In it, Tractarian John Henry Newman examined the Thirty-Nine Articles of the Church of England and argued that they had more in common with Roman Catholicism than with Protestantism: as he noted in the introduction, "while our Prayer Book is acknowledged on all hands to be of Catholic origin, our articles also, the offspring of an uncatholic age, are, through GOD'S good providence, to say the least, not uncatholic, and may be subscribed by those who aim at being catholic in heart and doctrine." Because of Tract 90, the Oxford Movement was effectively shut down; Newman soon retreated to Littlemore. The Tract was condemned and Newman barely escaped censure--it was a good time to leave town!
As he wrote later in the Apologia Pro Vita Sua:
I saw indeed clearly that my place in the Movement was lost; public confidence was at an end; my occupation was gone. It was simply an impossibility that I could say any thing henceforth to good effect, when I had been posted up by the marshal on the buttery-hatch of every College of my University, after the manner of discommoned pastry-cooks, and when in every part of the country and every class of society, through every organ and opportunity of opinion, in newspapers, in periodicals, at meetings, in pulpits, at dinner-tables, in coffee-rooms, in railway carriages, I was denounced as a traitor who had laid his train and was detected in the very act of firing it against the time-honoured Establishment.
Canterbury Press publishes the volume pictured above with many excerpts from the Tracts and from sermons by Newman and other clergy in the Oxford Movement:
What we know today as Anglo-Catholicism, a strong and distinctive strand within Anglicanism that accounts for approximately a third of all Anglicans, began with a small act of political protest in an Oxford pulpit. There in 1833 John Keble preached a sermon that gave voice to widespread and growing fears of increasing state control of the Church and erosion of its status.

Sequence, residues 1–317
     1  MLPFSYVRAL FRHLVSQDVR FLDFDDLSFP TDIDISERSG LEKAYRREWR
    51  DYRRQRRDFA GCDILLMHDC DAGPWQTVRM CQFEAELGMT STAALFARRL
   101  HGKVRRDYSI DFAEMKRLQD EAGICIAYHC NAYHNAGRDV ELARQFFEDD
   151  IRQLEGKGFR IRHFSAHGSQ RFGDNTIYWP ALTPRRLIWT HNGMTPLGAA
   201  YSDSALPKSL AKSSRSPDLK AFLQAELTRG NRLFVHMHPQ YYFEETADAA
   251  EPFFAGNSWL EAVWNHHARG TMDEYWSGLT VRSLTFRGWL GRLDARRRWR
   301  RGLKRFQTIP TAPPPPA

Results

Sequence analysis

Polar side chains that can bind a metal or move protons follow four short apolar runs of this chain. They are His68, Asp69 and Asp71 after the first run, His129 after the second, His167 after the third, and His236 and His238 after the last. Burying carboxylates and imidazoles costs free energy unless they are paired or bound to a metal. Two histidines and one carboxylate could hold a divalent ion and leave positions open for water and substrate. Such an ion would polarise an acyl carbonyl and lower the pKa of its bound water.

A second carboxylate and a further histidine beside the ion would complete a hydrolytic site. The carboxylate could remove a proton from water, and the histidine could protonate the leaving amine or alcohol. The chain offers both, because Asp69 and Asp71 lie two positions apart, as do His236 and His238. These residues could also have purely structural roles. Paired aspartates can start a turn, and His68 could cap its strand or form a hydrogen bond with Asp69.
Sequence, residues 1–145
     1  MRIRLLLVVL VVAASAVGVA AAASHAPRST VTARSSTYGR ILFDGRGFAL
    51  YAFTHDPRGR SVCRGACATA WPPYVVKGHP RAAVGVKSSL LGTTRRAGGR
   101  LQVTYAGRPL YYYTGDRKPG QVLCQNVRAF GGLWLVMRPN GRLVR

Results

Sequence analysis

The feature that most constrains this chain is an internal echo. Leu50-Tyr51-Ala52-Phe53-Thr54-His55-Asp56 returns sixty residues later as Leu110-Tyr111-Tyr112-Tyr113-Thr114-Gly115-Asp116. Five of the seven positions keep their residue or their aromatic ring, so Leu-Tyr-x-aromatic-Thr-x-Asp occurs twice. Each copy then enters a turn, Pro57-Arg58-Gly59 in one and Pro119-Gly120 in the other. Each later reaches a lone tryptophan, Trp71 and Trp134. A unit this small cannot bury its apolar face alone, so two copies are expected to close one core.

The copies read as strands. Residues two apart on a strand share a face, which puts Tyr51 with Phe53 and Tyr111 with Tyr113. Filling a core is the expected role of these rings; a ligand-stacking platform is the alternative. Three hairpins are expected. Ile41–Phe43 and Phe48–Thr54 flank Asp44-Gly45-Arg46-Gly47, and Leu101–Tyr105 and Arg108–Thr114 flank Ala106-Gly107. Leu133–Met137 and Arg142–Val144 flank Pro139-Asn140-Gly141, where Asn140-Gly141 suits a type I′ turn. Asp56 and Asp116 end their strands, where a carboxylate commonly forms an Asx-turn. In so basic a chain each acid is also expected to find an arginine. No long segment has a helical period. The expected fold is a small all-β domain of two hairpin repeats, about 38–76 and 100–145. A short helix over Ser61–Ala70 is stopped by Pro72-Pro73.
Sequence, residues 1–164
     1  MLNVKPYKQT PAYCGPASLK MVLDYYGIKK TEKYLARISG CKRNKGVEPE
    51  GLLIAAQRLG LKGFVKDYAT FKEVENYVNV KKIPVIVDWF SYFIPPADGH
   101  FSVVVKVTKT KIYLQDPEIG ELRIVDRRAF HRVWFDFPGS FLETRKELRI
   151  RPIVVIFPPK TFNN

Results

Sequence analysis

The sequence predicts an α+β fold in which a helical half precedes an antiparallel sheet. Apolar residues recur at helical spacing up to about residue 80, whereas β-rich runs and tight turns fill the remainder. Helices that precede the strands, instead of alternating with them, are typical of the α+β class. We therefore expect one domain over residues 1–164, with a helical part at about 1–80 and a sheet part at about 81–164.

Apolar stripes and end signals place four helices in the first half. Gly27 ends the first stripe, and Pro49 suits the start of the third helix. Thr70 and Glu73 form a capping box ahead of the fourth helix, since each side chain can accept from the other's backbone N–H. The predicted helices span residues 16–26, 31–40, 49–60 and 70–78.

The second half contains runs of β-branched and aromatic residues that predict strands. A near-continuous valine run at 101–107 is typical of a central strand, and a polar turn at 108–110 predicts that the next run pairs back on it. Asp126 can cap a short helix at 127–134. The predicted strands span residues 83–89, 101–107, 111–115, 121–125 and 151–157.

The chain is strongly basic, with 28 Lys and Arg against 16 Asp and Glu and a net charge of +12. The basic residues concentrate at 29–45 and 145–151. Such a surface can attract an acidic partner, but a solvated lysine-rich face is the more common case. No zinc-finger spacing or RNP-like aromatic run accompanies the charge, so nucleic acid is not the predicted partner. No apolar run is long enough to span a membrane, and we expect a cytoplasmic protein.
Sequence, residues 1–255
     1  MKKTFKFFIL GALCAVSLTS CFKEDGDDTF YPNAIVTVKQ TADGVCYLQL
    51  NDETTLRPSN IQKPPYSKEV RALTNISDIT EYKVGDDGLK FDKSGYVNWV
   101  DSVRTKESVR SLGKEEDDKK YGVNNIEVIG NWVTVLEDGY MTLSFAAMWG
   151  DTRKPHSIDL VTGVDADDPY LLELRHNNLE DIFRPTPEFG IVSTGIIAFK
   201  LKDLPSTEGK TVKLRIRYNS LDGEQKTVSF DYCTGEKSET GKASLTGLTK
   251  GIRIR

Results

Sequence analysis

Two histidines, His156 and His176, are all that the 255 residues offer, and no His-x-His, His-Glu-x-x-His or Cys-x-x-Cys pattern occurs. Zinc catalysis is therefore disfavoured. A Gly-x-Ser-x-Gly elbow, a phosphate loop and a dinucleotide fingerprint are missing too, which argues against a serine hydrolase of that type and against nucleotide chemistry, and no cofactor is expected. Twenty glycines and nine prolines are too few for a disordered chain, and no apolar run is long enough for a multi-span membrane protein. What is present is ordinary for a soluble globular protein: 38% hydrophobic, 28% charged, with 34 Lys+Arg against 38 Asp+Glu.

At the same time, Roman Catholics were enjoying new freedoms in society and Anglicans who regarded themselves as loyal to the Catholic tradition, despite the interruption of the Reformation, saw this as an opportunity to promote Catholic theology in the Church of England.
Keble's sermon sparked an immediate and active response and the Oxford Movement sprang into life. Publications flowed from its luminaries which included John Henry Newman and Edward Bouverie Pusey.
Ninety influential tracts together with Newman's legendary sermons and work by other writers, including some novels, focused on the themes that today characterise Anglo-Catholicism: a high doctrine of the Church as a divine society, the importance of the sacraments, insistence that Anglican clergy were priests in the Apostolic Succession with sacerdotal power, the quest for personal holiness.
Energised by the vitality of the old, true faith, parish life began to be transformed. Religious life revived for the first time since the Reformation, remarkable social work in slum parishes was accomplished and a distinctive liturgical style emerged.
Firmly I Believe offers a wide selection of the writings of the Tractarians and other supporters of the Oxford Movement, introduced with a useful commentary and explanation. This unique volume is both an ideal starting point for students and scholars and a rich treasury of Anglo-Catholic devotion and theology.
I only wish that it had a more robust index so that one could find, for example, Tract 90 excerpts without scanning each chapter! And I must admit that its title is ironic since it quotes a hymn written by Blessed John Henry Newman from The Dream of Gerontius, years and years after his conversion to Catholicism.